February 4, 2021

Why we need regulation in the gig economy

Surveys of workers in the gig economy conducted in 2020 showed that food delivery riders are paid just over $10 an hour after costs, and rideshare drivers just over $12 (you can see the snapshots for food delivery riders here, and rideshare drivers here).

Coming as five delivery riders lost their lives over three months in 2020, the surveys are a stark reminder of the human cost of being forced to work harder and longer for less pay. With Uber Eats again changing the goal posts in 2021, and other companies slashing pay, it’s become ever more clear that we need an independent tribunal that can protect gig workers.


Uber Eats changes its contract

A new contract sent to food delivery riders seeks to distance Uber from an employee relationship with its riders, That follows heavy criticism from Federal Court judges over its sham gig economy business model in an unfair dismissal case which the company chose to settle. Following strong opposition from the TWU, Uber has already backflipped on the contract, removing a clause that would have meant riders would be sacked for speaking out against the company.

The full clause stated that riders would be sacked if: “the rider engages in conduct that has the potential to cause adverse publicity, media attention or regulatory scrutiny or which may be detrimental to Uber’s reputation or brand.”

Uber has refused to provide riders with workers’ compensation insurance. Instead, it applies its own insurance with entitlements far below NSW Government’s iCare. Click here for a comparison of the insurance schemes.

The TWU is also taking a landmark case for full compensation against Uber on behalf of the wife and four-year-old son of Dede Fredy, a rider killed in Sydney in September. The test case will be the first against a gig economy company in pursuit of full rights under workers’ compensation.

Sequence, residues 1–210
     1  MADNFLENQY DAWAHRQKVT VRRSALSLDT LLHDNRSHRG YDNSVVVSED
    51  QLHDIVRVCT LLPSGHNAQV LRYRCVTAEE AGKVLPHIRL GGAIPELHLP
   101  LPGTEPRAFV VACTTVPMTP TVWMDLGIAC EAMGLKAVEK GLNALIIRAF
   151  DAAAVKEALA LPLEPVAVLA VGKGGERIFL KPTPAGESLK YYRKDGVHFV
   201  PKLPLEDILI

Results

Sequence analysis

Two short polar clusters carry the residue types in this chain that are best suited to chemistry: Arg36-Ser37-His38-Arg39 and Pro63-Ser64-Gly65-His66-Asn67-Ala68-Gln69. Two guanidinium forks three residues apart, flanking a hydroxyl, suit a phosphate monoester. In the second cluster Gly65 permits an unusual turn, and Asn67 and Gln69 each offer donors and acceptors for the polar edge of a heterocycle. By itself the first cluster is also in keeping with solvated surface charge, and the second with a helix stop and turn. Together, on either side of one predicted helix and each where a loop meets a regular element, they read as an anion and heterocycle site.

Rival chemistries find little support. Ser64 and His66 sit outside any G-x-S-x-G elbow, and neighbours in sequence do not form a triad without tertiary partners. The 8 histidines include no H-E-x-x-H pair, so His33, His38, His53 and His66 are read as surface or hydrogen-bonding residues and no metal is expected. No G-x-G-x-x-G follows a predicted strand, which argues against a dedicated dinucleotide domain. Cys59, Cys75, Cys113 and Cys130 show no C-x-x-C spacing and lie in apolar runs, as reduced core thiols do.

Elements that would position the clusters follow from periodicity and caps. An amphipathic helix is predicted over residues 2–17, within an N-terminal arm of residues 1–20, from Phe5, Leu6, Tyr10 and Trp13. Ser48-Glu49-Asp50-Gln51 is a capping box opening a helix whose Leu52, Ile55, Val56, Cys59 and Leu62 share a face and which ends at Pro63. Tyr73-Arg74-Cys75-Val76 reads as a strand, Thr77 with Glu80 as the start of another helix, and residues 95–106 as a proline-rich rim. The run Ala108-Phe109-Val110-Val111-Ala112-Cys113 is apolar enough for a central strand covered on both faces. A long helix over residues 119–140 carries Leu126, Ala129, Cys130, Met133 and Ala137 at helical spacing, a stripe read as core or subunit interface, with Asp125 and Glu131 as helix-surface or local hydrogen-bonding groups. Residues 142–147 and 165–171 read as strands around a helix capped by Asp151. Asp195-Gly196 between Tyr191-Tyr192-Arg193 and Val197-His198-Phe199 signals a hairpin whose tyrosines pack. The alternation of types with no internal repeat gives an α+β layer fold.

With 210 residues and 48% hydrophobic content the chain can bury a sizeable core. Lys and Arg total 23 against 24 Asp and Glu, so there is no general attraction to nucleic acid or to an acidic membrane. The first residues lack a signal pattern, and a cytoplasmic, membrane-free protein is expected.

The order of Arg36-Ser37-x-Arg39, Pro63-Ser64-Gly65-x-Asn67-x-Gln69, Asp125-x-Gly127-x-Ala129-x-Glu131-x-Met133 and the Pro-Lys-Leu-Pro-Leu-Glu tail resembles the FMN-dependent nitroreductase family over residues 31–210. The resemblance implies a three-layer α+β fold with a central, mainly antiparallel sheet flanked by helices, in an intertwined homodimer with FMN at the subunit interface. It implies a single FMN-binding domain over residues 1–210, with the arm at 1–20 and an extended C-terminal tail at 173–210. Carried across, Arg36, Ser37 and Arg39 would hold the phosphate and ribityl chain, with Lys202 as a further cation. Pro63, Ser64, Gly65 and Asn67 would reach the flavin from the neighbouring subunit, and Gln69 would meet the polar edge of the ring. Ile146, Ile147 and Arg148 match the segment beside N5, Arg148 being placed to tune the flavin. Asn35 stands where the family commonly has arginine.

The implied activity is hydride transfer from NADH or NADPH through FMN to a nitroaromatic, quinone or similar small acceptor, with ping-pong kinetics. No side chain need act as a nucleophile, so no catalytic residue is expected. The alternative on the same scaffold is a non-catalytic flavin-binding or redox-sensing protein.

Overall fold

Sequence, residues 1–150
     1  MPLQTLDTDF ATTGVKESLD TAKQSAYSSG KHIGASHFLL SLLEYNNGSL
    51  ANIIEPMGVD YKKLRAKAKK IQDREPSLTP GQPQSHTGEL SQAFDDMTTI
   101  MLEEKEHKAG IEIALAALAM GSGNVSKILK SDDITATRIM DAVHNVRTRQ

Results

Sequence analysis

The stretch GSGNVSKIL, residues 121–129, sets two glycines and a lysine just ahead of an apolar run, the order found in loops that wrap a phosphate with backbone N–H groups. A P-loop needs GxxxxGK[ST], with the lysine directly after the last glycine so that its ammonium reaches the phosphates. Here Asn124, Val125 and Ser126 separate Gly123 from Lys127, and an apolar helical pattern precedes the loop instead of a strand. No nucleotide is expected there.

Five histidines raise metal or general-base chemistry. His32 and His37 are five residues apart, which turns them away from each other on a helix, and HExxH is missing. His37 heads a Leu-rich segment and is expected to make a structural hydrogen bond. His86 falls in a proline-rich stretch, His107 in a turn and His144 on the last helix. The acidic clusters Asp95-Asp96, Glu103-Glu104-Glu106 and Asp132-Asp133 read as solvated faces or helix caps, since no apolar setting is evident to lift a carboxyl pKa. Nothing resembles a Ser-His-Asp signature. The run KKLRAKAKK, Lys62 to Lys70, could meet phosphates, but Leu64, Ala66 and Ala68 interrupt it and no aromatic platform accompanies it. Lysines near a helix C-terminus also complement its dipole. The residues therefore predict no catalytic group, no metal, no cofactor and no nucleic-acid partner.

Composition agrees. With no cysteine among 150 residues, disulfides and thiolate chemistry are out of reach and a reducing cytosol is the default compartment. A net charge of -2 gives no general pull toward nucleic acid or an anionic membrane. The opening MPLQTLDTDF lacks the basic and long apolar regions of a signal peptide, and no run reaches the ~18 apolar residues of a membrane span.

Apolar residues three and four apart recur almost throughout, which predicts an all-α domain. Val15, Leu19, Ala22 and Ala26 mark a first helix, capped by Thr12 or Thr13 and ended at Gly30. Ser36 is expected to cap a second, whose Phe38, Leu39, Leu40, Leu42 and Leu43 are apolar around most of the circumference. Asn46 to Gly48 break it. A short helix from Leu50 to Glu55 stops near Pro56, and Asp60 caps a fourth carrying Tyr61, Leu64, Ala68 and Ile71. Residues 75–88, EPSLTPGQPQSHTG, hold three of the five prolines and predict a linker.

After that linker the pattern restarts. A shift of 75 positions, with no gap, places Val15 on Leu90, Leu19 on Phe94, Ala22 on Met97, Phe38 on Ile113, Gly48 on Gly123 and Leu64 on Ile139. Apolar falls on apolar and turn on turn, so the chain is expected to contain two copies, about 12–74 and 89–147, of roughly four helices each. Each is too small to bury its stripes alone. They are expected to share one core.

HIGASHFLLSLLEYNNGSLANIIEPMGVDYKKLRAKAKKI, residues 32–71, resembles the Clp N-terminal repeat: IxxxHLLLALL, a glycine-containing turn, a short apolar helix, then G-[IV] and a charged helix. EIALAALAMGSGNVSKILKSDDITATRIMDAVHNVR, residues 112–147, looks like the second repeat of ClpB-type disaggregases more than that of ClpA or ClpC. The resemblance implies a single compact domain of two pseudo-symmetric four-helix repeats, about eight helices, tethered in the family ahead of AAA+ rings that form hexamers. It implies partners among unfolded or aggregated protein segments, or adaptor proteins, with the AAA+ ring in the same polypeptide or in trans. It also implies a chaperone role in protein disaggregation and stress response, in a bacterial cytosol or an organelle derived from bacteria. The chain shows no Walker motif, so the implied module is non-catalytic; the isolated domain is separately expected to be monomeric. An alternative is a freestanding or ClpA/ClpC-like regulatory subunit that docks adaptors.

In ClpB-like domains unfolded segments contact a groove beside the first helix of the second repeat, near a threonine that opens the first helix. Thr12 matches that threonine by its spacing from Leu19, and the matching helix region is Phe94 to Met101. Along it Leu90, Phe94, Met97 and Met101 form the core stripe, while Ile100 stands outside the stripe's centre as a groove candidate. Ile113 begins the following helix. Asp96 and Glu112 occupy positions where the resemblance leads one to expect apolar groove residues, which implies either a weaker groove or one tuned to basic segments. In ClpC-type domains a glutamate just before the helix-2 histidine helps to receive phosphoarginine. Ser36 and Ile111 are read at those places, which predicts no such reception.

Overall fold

Hungry Panda riders gear up for a fight for the whole gig economy

Food delivery company Hungry Panda has made cuts to workers’ pay without even informing them of the change. That meant riders were completing deliveries without knowing what their pay rates were. The new contract also stipulated that riders must wear a uniform or face reduced rates of pay. Bizarrely, it also required riders to work for other companies. The move by the company is seemingly similar to that of Uber Eats in attempting to distance itself from an employer relationship.

Delivery rider Yang Jun, who organised a strike against the changes, was then sacked by Hungry Panda. A message on the app merely said that it would “collaborate with you to terminate our co-operative relationship.”

Hungry Panda riders are planning to take further action to protest against the changes.

They shouldn’t have to go up against large multi-national companies. That’s why the Federal Government must implement an independent tribunal to protect gig workers.

In the media:

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